According to these stale State Department types, it is never the right time. 

They argue that it will “destroy the peace process.” One might ask, “What peace process?”

The truth is that there has not been any peace process to speak of for at least a year. The latest round of official Israeli-Palestinian talks, held from 2013-2014, broke down under Secretary of State John Kerry because the Palestinian Authority (PA) refused to recognize Israel as a Jewish state. PA President Mahmoud Abbas’s foreign minister, Riyad al-Maliki, stated in December 2016 that recognizing Israel for what it is, a Jewish state, was “unacceptable.”

If Trump’s statement is going to cause mass violence, it is not the fault of the U.S. nor of Israel. It is the fault of the Palestinians, who have not even recognized pre-1967 Israel in their textbooks, who teach that all of pre-1967 Israel will one day become “Palestine,” and who have television programs indoctrinating children that Haifa, Tel Aviv, and west Jerusalem will all someday be theirs.


On Nov. 29, 1947, prior to President Harry Truman recognizing Israel at the United Nations, people had told Truman that the recognition would only lead to mass rioting. What would have happened if Truman had listened?

The Arabs and Palestinians have always used the threat of violence as a negotiating tool. The longer we cower to the threat of violence, the more we reinforce that as a legitimate tool of negotiations.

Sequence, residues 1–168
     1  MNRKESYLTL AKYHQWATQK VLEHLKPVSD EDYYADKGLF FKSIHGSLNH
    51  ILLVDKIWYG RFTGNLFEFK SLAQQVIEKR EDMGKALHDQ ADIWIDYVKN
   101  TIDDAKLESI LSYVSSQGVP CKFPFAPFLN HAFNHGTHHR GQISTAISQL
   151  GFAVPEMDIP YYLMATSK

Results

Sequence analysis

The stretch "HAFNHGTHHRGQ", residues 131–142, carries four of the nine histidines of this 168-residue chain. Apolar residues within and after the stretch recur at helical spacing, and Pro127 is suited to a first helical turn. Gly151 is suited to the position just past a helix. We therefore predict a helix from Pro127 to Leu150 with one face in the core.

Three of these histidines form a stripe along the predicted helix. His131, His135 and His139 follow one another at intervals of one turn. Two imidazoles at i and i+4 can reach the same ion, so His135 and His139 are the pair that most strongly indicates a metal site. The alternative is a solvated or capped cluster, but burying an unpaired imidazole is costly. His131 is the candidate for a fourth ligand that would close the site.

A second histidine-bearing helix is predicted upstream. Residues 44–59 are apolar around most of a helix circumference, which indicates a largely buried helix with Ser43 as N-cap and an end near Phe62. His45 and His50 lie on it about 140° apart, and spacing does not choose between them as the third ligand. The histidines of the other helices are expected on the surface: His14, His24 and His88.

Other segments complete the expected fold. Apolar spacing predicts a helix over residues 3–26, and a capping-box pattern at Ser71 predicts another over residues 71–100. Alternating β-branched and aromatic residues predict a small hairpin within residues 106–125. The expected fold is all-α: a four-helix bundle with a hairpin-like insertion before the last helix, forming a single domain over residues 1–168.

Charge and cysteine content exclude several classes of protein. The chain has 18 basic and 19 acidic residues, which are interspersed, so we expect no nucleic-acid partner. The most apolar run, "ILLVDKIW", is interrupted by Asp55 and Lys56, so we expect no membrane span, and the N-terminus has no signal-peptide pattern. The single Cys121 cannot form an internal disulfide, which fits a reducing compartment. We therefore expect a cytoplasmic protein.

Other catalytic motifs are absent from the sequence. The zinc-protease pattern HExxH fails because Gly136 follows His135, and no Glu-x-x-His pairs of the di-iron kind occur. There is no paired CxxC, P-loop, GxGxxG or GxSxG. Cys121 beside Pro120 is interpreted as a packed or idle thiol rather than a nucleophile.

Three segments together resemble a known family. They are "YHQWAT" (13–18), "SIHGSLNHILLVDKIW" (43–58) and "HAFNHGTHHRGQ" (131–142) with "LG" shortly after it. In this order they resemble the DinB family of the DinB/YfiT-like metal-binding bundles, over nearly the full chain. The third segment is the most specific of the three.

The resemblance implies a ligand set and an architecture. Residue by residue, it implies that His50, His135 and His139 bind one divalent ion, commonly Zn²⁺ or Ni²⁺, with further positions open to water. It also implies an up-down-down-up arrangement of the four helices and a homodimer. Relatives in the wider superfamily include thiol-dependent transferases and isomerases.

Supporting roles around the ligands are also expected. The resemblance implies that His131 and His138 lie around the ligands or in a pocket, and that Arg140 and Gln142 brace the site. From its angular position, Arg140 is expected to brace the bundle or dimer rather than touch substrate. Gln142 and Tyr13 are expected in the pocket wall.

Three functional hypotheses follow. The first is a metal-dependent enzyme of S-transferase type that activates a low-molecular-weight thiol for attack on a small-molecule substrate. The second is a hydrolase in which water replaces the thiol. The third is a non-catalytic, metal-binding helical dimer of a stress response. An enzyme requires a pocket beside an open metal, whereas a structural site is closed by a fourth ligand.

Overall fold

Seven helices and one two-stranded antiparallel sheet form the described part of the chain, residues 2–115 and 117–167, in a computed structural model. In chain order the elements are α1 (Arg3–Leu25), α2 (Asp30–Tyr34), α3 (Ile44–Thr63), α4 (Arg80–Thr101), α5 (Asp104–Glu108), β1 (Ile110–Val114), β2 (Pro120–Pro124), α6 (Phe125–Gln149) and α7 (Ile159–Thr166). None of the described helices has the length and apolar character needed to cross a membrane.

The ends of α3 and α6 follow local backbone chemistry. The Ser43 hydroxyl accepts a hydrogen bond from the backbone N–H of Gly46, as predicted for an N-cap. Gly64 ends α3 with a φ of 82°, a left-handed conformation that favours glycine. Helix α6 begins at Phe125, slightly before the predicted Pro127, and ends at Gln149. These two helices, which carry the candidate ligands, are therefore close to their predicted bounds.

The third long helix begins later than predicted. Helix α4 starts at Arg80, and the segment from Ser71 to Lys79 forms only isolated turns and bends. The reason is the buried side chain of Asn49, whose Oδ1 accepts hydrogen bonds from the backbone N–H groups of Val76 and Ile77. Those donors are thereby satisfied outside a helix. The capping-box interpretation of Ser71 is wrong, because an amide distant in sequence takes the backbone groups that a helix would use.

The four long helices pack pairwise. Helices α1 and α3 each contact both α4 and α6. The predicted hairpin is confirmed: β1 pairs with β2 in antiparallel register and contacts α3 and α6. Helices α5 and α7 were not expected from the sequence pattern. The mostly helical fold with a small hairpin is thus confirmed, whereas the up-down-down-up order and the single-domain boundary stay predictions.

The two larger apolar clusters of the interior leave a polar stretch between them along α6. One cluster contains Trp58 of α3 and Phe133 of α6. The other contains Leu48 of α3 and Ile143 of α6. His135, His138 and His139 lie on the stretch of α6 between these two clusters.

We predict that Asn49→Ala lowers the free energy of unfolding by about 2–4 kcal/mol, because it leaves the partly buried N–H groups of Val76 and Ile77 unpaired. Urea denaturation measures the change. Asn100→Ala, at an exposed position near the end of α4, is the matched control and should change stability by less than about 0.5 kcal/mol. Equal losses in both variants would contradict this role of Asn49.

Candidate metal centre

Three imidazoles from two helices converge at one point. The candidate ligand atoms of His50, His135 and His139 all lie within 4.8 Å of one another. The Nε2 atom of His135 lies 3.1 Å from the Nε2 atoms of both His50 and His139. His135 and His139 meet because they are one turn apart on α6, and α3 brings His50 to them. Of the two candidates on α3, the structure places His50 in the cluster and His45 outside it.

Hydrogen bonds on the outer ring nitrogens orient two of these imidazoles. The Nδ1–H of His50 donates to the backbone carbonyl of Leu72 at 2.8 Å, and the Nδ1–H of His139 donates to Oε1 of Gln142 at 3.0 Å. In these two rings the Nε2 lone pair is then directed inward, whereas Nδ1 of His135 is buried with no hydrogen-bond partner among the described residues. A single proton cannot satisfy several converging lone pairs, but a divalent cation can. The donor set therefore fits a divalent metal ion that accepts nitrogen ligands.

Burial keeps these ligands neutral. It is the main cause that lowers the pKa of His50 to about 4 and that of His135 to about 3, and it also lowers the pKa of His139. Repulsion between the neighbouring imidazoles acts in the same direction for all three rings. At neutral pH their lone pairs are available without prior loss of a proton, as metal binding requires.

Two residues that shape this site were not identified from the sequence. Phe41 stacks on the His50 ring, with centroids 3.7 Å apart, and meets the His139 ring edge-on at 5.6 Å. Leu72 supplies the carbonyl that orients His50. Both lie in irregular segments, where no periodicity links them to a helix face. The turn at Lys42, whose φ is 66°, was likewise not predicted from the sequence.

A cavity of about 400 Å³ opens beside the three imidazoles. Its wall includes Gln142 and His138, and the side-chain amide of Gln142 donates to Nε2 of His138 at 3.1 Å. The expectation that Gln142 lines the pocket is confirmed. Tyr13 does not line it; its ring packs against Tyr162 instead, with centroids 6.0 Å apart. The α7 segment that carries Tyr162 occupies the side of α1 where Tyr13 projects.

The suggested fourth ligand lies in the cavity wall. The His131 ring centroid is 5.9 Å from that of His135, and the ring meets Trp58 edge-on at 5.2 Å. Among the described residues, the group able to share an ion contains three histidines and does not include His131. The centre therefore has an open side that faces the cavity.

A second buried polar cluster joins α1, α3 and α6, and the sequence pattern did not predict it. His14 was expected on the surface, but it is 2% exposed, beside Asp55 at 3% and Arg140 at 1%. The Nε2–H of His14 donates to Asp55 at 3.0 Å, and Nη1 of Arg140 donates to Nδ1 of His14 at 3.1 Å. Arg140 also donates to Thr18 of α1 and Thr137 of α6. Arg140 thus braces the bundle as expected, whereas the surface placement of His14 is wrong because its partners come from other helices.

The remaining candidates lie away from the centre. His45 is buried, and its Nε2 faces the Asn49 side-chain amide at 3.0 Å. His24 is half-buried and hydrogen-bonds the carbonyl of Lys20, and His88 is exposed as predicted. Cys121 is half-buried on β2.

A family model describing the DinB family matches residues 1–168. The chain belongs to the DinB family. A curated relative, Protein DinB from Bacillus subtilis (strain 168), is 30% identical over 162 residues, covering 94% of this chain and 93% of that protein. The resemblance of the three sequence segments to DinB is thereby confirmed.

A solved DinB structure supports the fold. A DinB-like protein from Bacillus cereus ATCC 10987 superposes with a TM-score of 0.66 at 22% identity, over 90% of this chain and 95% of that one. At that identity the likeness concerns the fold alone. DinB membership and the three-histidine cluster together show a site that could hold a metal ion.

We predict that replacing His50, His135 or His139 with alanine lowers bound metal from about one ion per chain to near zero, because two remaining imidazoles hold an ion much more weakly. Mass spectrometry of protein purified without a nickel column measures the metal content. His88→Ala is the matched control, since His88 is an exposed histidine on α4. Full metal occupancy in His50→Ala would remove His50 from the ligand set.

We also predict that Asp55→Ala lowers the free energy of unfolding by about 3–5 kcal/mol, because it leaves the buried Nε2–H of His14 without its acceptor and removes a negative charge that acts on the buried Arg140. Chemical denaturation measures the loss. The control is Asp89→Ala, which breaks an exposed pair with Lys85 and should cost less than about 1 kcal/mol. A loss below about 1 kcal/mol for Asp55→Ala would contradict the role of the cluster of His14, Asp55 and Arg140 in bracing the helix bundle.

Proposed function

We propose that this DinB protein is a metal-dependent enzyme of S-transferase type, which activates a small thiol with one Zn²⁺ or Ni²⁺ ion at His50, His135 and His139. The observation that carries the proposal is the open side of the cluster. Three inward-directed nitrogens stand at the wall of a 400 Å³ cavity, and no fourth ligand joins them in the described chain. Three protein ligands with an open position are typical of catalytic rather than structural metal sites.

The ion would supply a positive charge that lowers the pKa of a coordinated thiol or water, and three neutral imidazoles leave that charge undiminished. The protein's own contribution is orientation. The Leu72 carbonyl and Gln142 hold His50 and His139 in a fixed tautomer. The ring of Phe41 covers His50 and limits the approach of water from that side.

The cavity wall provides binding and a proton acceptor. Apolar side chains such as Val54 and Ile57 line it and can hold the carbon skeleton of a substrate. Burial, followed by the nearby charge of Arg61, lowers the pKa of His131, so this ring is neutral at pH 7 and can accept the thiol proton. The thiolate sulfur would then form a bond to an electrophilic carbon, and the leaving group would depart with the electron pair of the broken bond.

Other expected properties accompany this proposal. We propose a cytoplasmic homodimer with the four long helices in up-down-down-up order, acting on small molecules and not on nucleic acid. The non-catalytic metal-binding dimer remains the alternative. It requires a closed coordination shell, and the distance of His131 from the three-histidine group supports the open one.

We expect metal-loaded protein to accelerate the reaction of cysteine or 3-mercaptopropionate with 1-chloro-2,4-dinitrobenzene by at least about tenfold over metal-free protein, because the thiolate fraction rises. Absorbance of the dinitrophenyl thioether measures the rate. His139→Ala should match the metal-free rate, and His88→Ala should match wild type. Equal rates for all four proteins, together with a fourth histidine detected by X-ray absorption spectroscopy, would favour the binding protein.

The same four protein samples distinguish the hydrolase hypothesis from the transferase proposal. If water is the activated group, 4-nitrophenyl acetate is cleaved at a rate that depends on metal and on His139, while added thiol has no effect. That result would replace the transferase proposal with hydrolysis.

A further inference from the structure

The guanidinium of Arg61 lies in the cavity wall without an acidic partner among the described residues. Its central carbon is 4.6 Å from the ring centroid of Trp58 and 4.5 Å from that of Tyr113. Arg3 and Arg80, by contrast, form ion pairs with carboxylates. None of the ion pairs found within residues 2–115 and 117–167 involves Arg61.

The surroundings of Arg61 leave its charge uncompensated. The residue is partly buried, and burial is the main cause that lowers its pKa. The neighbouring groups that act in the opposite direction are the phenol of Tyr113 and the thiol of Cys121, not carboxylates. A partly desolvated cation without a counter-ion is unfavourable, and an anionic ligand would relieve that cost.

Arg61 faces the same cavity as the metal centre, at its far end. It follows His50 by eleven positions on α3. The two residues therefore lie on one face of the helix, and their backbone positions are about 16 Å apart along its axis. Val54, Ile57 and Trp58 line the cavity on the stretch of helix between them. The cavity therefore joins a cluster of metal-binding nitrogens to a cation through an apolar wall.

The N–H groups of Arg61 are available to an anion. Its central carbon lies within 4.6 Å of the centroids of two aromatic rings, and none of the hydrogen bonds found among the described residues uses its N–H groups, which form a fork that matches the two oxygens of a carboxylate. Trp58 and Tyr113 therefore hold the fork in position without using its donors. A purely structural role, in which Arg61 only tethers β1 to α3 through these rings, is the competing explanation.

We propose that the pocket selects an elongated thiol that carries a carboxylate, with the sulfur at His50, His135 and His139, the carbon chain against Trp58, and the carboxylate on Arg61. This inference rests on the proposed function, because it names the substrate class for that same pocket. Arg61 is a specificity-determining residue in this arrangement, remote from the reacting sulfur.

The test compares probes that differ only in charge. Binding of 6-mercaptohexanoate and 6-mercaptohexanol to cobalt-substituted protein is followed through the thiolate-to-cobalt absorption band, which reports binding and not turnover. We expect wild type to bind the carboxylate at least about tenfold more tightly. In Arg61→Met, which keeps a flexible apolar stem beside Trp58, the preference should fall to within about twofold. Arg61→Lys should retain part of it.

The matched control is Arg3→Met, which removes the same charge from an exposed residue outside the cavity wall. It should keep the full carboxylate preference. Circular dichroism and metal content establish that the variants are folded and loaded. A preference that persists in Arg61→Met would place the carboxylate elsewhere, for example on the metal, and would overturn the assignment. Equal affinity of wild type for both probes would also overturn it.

Either we have a policy and a law, or we do not. We should not change our policies to appease the most violent participants on the world stage. It simply does not work, but rather begets more violence. 

By using appeasement, we do not gain the respect of the international community, nor of the Muslim and Arab world. As Osama bin Laden had said, “When someone sees a weak horse, and a strong horse, it is natural to bet on the strong horse.”

Those who argue otherwise are engaging in what the late Sen. Daniel Patrick Moynihan called the “soft bigotry of low expectations.” They are simply being patronizing to the Palestinians.

What message does that send to the Palestinian leadership when there are government spokesmen around the globe saying that we expect the Palestinians to engage in violence? We are giving them a pretense for violence and bloodshed, which eventually becomes a self-fulfilling prophesy.

The Palestinians need to learn that no matter what dangerous illusions of conquest they are teaching their children, Israel will never cede its capital of Jerusalem—not after 3,000 years of history.

And they need to learn, once and for all, that Israel is here to stay.

In this way, Trump’s Dec. 6 speech was a sorely needed dose of reality therapy for the Palestinians. 

Sarah N. Stern is the founder and president of the Endowment for Middle East Truth (EMET), which describes itself as an unabashedly pro-Israel and pro-American think tank and policy institute in Washington, D.C.